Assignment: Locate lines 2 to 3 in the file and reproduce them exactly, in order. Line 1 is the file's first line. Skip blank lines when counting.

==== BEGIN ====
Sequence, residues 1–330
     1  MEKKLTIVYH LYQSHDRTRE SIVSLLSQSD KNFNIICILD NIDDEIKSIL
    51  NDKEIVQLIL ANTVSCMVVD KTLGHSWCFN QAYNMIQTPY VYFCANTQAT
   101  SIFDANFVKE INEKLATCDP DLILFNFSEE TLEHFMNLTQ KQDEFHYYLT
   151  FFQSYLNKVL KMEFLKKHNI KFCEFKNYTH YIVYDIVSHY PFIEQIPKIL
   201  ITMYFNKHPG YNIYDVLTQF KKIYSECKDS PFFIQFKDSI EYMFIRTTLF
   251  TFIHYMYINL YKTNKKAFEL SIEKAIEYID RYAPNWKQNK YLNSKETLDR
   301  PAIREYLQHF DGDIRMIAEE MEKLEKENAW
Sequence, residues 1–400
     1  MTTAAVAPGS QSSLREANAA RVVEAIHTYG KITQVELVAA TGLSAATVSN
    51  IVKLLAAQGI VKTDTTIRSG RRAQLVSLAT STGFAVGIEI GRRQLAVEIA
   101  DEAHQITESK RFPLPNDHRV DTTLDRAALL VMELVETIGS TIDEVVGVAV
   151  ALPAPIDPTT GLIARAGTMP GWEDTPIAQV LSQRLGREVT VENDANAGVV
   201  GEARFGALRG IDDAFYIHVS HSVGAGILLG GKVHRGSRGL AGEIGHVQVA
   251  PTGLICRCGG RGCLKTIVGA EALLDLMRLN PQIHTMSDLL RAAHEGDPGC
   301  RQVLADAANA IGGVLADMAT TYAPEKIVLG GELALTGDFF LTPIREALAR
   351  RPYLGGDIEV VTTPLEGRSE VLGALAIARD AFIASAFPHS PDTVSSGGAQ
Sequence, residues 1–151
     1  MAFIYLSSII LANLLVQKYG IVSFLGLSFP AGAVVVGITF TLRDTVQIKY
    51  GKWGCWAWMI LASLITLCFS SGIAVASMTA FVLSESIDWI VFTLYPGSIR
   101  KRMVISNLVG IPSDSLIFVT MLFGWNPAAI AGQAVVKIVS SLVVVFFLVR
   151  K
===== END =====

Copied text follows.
     1  MEKKLTIVYH LYQSHDRTRE SIVSLLSQSD KNFNIICILD NIDDEIKSIL
    51  NDKEIVQLIL ANTVSCMVVD KTLGHSWCFN QAYNMIQTPY VYFCANTQAT